WEEKEND AT THE WALDORF ,a showy, MGM-sleek reworking of Grand Hotel, was balm for audiences in the fall of 1945; the war over, the now-what? national mood in need of some light at the end of tunnels that would soon darken. Grossing $6,164,000, it came in 6th place, easily cushioning producer Arthur Hornblow Jr. and director Robert Z. Leonard from any L.B. Mayer grief over the $2,561,000 expenditure on stars, sixty sets and 130 minutes of plush comedy-drama (with plenty of music).
Paths cross at the famed New York landmark. Romance blooms for those in need (just like real life), a good-hearted jewel thief reforms (don’t they always?), shady swindlers get nabbed (trying to con a visiting sheik out of oil money–now that’s a good one). Easy enough to take, with typical studio finesse in the production—-‘costumes by Irene’, art direction from Cedric Gibbons—and some swank musical numbers from Xavier Cugat, including a Salute to Good Neighbor Policy number with “Guadalajara”.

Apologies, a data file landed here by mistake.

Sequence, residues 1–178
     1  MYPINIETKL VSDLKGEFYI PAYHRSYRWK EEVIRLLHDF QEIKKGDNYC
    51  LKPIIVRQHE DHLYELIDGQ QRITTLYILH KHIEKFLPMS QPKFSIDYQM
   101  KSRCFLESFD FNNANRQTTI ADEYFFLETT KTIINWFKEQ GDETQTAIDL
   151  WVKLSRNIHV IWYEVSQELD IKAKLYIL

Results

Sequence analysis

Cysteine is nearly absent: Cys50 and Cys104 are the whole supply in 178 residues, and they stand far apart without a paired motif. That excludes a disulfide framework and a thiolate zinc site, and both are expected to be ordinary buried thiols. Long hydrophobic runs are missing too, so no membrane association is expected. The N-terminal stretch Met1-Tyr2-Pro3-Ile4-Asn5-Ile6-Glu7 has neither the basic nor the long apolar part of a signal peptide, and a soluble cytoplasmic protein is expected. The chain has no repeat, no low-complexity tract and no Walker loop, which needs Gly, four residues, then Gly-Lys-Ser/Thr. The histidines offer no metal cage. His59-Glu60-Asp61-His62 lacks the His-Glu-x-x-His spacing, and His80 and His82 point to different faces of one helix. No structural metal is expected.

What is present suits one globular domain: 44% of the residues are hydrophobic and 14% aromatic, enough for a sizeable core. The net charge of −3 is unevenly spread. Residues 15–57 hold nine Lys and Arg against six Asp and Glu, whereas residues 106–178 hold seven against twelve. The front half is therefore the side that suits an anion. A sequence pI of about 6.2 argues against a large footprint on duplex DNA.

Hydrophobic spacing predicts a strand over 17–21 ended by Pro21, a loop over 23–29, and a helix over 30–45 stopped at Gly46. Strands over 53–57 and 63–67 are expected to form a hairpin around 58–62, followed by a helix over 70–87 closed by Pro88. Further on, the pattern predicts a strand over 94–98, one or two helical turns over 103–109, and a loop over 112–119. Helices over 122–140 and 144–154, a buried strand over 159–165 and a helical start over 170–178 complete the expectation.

Stars are Ginger Rogers (very good), Walter Pidgeon (I don’t buy him as a suave, suggestive jewel thief), Van Johnson (likable) and Lana Turner (not bad). Backing them up: Edward Arnold, Robert Benchley, Keenan Wynn, Phyllis Thaxter, Leon Ames.
With Lina Romay, Samuel S. Hinds, George Zucco, Porter Hall, Frank Puglia, Rosemary DeCamp and John Wengraf. One-time silent star May McAvoy has an uncredited bit: her family had owned a livery stable where the Waldorf would end up being built.